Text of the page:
Canada is relatively overlooked in the literature on NATO and especially the so-called ‘Second Cold War’ from the late 1970s to the mid-1980s. In this talk, Dr Luc-André Brunet will explore the policies pursued by prime ministers Pierre Trudeau and Brian Mulroney in East-West relations and arms control, and how far Canada provided a distinctive voice on these issues. He will also discuss the rise of the Canadian peace movement and its influence on policy-makers. Drawing on newly available archival evidence from nine countries, this talk will also reveal how allies viewed Canadian initiatives, providing new insights into intra-NATO relations during the final decade of the Cold War.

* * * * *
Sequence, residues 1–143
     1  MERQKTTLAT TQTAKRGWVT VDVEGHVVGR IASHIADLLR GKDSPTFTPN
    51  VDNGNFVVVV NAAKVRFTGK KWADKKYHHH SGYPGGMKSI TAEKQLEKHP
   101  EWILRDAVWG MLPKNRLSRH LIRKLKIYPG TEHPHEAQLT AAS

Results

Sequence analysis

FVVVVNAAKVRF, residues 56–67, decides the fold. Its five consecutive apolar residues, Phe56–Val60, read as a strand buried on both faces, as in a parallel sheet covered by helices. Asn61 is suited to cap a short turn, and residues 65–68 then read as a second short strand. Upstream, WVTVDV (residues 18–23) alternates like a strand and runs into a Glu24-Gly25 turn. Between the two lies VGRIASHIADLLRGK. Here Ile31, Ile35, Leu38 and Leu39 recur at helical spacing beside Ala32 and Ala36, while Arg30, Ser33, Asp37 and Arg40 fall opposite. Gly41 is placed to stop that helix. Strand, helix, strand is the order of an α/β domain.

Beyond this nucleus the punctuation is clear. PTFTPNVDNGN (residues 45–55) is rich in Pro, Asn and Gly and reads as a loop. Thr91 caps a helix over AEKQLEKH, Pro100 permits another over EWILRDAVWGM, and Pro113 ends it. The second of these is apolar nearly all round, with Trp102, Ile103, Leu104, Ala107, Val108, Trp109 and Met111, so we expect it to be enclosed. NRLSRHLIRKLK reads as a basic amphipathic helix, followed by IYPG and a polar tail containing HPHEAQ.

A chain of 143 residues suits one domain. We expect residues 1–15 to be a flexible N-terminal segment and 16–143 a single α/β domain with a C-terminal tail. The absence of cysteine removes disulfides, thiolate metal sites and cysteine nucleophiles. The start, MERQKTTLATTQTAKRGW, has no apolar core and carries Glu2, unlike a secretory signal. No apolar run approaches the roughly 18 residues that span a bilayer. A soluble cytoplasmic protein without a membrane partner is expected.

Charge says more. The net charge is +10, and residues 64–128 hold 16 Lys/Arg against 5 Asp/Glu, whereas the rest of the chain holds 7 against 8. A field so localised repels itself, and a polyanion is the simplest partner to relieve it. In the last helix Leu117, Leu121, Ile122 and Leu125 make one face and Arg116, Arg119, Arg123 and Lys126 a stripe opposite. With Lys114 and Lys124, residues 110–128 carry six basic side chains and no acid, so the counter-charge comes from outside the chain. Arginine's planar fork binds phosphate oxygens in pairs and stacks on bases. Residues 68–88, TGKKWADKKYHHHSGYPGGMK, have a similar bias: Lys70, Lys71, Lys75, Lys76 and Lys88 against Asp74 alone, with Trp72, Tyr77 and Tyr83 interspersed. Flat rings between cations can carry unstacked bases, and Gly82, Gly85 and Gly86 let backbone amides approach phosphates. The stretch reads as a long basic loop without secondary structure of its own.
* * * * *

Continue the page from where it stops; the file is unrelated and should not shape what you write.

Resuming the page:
Dr Luc-André Brunet is Lecturer in Twentieth-Century History at The Open University and Deputy Director of the Cold War Studies Project at LSE IDEAS. He is the author of Forging Europe: Industrial Organisation in France, 1940-1952 (2017) and, most recently, ‘Unhelpful Fixer? Canada, the Euromissile Crisis, and Pierre Trudeau’s Peace Initiative, 1983-84’ in The International History Review (2018).
21.10.2019 | 14:00
John F. Kennedy Institute